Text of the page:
Pandemic demand for disposable gloves means $400 million in DOD contracts
The Defense Department is spending millions to keep its health care professionals supplied with disposable gloves during the coronavirus pandemic, according to recent contract awards.
Demand for medical gloves has meant more than $400 million in contracts for five companies, paid for under a second coronavirus relief package passed by Congress in December.
For example, DOD awarded a Dutch-based multinational firm, Showa Group Inc., more than $81 million in two orders this year to produce nitrile gloves for the Air Force through 2024. Showa produces gloves at U.S. facilities in Alabama and Georgia.
In June, DOD ordered $37 million worth of gloves from Showa Best Gloves of Fayette, Ala. A second, $43 million contract in September called for nearly 67 million gloves per month from the Showa facility in Menlo, Ga., through September 2024, according to the official defense.gov website.
The DOD Assisted Acquisition Cell at Robins Air Force Base, Ga., which ordered the Showa gloves in September, did not respond to requests for further information submitted through its website on Sept. 23.
Nitrile gloves, commonly used by first responders and medical specialists during the COVID-19 pandemic, are made of a synthetic rubber compound that is non-allergenic. According to the Showa Best Gloves website, its nitrile gloves will fully biodegrade in landfills within five years.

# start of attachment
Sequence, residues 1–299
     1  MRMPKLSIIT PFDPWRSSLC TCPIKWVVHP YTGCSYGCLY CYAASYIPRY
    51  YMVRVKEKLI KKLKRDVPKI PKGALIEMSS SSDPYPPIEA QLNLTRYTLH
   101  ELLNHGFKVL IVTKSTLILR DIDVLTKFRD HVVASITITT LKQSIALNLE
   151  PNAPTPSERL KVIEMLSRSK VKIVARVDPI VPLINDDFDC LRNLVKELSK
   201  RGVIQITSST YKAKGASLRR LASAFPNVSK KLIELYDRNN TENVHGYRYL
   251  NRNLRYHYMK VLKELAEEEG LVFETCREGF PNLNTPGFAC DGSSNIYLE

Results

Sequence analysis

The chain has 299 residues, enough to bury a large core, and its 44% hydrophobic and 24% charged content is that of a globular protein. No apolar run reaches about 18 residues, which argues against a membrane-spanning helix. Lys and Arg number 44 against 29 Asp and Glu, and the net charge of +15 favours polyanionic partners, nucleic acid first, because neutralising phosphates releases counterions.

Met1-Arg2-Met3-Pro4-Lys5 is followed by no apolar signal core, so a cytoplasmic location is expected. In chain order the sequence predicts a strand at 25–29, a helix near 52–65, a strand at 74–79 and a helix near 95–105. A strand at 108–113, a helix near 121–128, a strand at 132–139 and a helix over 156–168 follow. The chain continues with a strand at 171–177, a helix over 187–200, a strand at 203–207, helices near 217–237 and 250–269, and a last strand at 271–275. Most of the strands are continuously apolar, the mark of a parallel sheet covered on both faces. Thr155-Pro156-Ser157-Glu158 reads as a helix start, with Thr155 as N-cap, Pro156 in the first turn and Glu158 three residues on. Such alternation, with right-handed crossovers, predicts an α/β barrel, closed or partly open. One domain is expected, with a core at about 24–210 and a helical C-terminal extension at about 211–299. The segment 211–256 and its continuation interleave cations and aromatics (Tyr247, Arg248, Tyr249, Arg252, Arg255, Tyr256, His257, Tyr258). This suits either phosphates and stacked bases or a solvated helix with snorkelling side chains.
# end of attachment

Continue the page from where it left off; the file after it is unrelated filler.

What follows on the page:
The largest contract, worth $123.1 million, went to Blue Star NBR LLC of Berlin, Conn, in May. The second largest contract, for $96.1 million, went to United Safety Technology Inc., of Los Angeles, founded in April 2020 for “re-shoring PPE [personal protective equipment] manufacturing back to the USA,” according to the company’s website.
On May 28, another contract worth $35 million went to Renco Corp./America Performance Polymers of Texas and New Hampshire according to defense.gov.
Sen. Jeanne Shaheen, of New Hampshire, in a news release May 28, said that contract meant $13.1 million for the portion of the polymer company in her state. The contract paid manufacturers to ramp up production of “lifesaving supplies and ensure we’re prepared when disaster strikes,” according to her statement.
“Throughout this pandemic, we’ve seen how important it is to ensure that our health care workers, first responders and essential employees have access to the personal protective equipment they need to stay safe on the job,” according to Shaheen’s statement.